HPTA History

Eleanor Owens with student in the early days of the Highland Park Tennis Association.

Since 1976, the Highland Park Tennis Association has hosted a doubles round robin at Highland Road Park in Baton Rouge, La.  The round robin, started by Eleanor Owens, is one of America’s greatest, grassroots-tennis success stories.

Owens, a long-time tennis instructor in Baton Rouge, started the round robin in 1976 for her ladies’ class as a way for her novice students to practice under competitive conditions, but without the high pressures of league play.

Charter member Alice Robertson remembers that the ladies were eager to play on Highland’s new courts, but the concrete was barely dry, and all that stood were the net posts.

“The nets weren’t even up yet, but that didn’t stop us,” Robertson chuckled. “We took some ‘horse rope,’ tied it to the posts, and that’s what we used for our first net!”

“In those days, there were only six courts at Highland Park, no lights, no park attendant, the ‘clubhouse’ was a shack with a telephone, and the restroom was ‘portable,'” Robertson added.

Owens held the first round robins at Highland Park during the week and during the day because Highland didn’t have lights.  An evening round robin was added at Independence Park, but was moved to Highland as soon as that park got lights. Eventually, a Saturday round robin was added to accommodate people who worked during the week and to avoid scheduling conflicts with leagues.

HPTA’s first restroom was “portable.”

By October 1977, the organizers of the round robins formed the Highland Park Tennis Association, and Jo LeBlanc published the associations first newsletters.

According to early HPTA records and LeBlanc’s newsletters, HPTA membership grew quickly. In 1977, the Bettye Burford was elected HPTA’s first president (see list of presidents here), and the membership totaled about 75.  One year later, almost 100 players called HPTA home.

Mary Lynn Segalla recalls that as the HPTA grew, her husband, Leo, recognized its potential as a charitable organization and suggested that HPTA sponsor the “Eleanor Owens Charity Tennis Tournament.”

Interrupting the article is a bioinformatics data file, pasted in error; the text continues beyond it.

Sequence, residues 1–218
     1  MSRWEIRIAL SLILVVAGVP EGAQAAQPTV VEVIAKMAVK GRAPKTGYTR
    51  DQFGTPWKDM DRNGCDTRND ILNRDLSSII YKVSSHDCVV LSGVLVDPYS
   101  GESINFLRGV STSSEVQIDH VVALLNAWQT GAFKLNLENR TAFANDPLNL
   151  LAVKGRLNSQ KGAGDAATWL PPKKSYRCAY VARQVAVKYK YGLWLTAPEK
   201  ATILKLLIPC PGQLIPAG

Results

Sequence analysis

The tournament was popular, particularly among Eleanor’s students and their friends, but HPTA member John Delaney was concerned that a woman’s name in the title (even Eleanor’s respected name) was giving men the impression that it was a tournament for women only.  So, the HPTA renamed the tournament “The Highland Open,” and it began to “take off,” recalls Mary Lynn Segalla.

In due time, HPTA became a bustling tennis community, complete with inter-club competitions in Baton Rouge and many points south, including Thibodaux, White Castle, Plaquemine and Donaldsonville.

“Those inter-club travels were funny.  Everywhere we went, other players would ask ‘What club are you from?’  Later, they would just laugh and say, ‘Here come the park people,'” Segalla remembered.

Alice Robertson still has her original “Highland Country Club” shirt, complete with the outhouse graphics.

“Finally, we decided to make a joke of it, so we wore matching t-shirts that had ‘Highland Country Club’ printed across an outhouse. We were a big hit everywhere,” Segalla said.

One favorite destination for the “Highland Country Club” was the annual Grand Isle Tournament, or G.I.T., as it was called.

“We’d pile in the cars and drive down there for the weekend, play tennis, play some cards, and have a great time.  Those were some of our best times and memories,” said Lucille Hicks Doane.

Today, Robertson, LeBlanc, Segalla, Doane and other charter members are amazed at what HPTA has become — or that it even lasted very long. Bettye Burford, HPTA’s first president in 1977, says it’s hard to believe that HPTA continues more than 30 years later.

Mary Lynn Segalla (left) and Bettye Burford, HPTA’s first president in 1977, look at HPTA scrapbooks

“We had no idea what we were starting then.  We surely didn’t imagine it would exceed 240 members like it does today and realize more than 75 players every Saturday at the round robin.  It is so gratifying to see how successful it has become,” said Burford.

Burford adds, “We thought that once we got out of managing HPTA, it would just disappear.  We’re so happy we were wrong, and we’re so thankful for those who followed us and who kept HPTA alive.”

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